Scroll through your news app and chances are good you’ll see a headline shouting out white collar crime. Think “Trump ex-lawyer Cohen given three years in prison as risks rise for Trump,” for example. The chances are equally good that the Internal Revenue Service-Criminal Investigation division (IRS-CI) was involved in the investigation and prosecution of the case.
For those of us following the money and money launders, the IRS-CI recently released their Fiscal Year 2018 Annual Report. The report shows that the IRS-CI is striving to work smarter, not harder, going after the “big fish”, and using data to help drive that better results.
And those results are particularly important in relation to tax crimes as the IRS-CI is the only federal law enforcement agency authorized to investigate potential criminal violations of the Internal Revenue Code and the only federal agency solely devoted to investigating financial crimes.
You can register here for the free, 60-minute webinar, “Working Smarter, Not Harder: How the IRS-CI is Leveraging Data Analytics to Capture Tax Criminals”, which will be live on January 29 at 1:00 pm, EST.
CI’s expertise in following the money is highly sought by the Department of Justice (DOJ) in the most significant financial investigations. Some other examples of tax crooks they’ve helped catch include famous organized crime figures like John Gotti and Al Capone, and even former Vice President Spiro Agnew.
Data Analytics as a Tool in Criminal Tax Enforcement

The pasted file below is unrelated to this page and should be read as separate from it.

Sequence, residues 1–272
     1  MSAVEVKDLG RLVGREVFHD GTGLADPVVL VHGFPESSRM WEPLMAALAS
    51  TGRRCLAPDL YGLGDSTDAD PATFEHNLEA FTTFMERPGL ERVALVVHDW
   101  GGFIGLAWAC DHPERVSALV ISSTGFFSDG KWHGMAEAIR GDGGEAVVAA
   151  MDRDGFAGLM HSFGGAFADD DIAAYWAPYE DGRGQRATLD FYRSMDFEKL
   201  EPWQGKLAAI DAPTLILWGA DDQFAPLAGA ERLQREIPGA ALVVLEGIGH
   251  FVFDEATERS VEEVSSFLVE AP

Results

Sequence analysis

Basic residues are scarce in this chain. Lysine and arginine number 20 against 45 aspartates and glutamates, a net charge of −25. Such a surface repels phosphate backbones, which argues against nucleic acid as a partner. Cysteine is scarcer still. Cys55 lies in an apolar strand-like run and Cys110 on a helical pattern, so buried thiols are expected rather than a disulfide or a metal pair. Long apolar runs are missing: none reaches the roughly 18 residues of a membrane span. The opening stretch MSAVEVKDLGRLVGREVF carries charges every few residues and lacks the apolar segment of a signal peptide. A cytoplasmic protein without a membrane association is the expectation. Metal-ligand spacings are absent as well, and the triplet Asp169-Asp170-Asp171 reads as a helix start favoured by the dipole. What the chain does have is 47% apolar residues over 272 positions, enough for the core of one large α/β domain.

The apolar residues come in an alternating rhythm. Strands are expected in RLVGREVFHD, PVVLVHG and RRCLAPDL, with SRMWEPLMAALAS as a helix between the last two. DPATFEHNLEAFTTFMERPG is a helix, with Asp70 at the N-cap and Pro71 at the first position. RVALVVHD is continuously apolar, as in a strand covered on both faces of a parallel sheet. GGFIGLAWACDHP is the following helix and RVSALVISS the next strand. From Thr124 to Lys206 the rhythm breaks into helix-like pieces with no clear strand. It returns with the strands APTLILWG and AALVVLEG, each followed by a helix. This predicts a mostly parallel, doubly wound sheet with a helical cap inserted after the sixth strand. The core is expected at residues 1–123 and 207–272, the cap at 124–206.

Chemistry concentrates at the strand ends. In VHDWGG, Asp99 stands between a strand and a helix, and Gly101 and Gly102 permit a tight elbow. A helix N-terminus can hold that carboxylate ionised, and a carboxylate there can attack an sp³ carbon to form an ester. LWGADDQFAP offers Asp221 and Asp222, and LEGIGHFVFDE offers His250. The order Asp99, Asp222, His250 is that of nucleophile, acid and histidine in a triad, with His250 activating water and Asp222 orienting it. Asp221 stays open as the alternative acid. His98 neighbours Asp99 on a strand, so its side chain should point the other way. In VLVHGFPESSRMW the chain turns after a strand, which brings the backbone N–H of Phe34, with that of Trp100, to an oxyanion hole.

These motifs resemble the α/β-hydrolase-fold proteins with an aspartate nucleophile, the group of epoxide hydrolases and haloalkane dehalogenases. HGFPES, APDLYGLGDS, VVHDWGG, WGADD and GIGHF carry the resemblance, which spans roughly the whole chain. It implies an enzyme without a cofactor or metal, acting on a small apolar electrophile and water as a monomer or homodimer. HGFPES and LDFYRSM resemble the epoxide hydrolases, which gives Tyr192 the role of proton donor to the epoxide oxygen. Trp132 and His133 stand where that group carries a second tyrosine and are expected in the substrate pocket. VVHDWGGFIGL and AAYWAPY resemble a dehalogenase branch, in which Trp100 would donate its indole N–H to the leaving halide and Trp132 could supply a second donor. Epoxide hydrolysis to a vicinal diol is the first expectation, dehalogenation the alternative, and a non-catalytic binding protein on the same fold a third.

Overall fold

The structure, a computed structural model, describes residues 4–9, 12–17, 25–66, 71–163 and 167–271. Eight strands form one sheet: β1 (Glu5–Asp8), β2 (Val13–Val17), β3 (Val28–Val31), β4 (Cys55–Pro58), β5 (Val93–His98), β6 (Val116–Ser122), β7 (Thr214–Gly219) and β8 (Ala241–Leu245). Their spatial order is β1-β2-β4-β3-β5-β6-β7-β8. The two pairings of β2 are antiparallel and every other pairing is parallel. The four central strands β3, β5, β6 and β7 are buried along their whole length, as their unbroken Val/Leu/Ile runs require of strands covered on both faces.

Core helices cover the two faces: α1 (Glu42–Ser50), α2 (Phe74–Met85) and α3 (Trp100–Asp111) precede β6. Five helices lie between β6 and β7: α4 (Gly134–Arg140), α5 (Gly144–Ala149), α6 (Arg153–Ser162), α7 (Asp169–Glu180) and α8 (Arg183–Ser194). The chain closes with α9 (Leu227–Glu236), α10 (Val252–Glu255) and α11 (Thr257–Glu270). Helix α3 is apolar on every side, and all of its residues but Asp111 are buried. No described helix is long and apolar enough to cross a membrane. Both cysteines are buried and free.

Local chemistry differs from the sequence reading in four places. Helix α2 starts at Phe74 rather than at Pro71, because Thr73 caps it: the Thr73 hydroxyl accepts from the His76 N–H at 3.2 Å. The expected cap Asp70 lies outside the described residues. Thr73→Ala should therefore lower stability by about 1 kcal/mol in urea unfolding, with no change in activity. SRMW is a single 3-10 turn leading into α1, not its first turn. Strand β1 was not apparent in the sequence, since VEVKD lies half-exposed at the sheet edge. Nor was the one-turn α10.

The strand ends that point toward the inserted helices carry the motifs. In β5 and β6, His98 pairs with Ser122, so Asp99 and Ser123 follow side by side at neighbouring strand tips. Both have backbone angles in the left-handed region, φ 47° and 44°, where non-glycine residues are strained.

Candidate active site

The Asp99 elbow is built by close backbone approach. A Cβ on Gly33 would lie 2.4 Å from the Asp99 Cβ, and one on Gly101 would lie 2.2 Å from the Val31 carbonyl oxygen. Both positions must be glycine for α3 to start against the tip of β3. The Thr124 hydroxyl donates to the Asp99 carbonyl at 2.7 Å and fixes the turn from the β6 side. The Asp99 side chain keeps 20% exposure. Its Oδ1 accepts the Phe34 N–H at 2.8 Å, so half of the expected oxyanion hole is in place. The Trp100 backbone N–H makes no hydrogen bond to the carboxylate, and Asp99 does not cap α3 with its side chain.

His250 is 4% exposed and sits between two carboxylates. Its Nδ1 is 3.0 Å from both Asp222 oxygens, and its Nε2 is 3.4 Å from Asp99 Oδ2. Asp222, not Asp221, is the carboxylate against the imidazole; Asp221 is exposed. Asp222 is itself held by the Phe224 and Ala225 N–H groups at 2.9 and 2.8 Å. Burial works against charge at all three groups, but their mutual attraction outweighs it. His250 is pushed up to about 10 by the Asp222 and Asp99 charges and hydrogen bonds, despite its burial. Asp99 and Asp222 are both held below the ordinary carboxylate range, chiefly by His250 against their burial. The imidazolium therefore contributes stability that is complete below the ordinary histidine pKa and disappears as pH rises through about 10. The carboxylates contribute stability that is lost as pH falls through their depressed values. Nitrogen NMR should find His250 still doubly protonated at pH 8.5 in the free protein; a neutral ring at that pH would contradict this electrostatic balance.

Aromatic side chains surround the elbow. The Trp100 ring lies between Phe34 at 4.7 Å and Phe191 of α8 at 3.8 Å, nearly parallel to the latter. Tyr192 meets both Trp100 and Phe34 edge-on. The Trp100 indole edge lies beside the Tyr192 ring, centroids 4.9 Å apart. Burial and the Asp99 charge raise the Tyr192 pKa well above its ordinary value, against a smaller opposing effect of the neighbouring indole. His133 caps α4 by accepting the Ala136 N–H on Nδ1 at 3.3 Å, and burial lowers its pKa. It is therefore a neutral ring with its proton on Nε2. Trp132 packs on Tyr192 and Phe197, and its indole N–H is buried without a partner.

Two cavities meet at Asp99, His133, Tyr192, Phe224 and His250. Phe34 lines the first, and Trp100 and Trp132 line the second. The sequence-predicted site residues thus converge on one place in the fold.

As money laundering and tax crimes continue to rise every year, so does the workload for the IRS-CI. Kathy Enstrom, director of Operations, Policy and Support at the IRS-CI, previously told us that the agency specializes in catching crooks engaged in complex financial crimes. One way their special agents do that is by utilizing complex computer models and algorithms to help sort through vast amounts of data. And CI has more data than any agency — think tax records, Bank Secrecy Act (BSA) records, Swiss Bank information, Foreign Account Tax Compliance Act (FATCA) documents, whistleblowers complaints, and more.
Highlight from the 2018 Annual report include:
- IRS-CI initiated 2,886 investigations despite a decline in special agents (2,019 total);
- The agency had a 91.7 % conviction rate for criminal cases, among the highest of all federal agencies;
- There was $9.69 billion identified in tax fraud, up from $2.6 billion in 2017; and
- There is an increased emphasis on international enforcement efforts, exemplified by the agency joining an international alliance of tax enforcement authorities, known as the Joint Chiefs of Global Tax Enforcement (J5), which is dedicated to fighting large-scale international tax schemes.
In a new webinar titled, Working Smarter, Not Harder: How the IRS-CI is Leveraging Data Analytics to Capture Tax Criminals, I speak with Enstrom about the recent trends in tax crimes and how the 2018 Fiscal Report shows that while the number of total investigations has gone down, the recovered tax proceeds has risen exponentially thanks to a combination of analytics and skilled tax crime investigators. You can register here for the free, 60-minute webinar which will be live on January 29 at 1:00 pm, EST.
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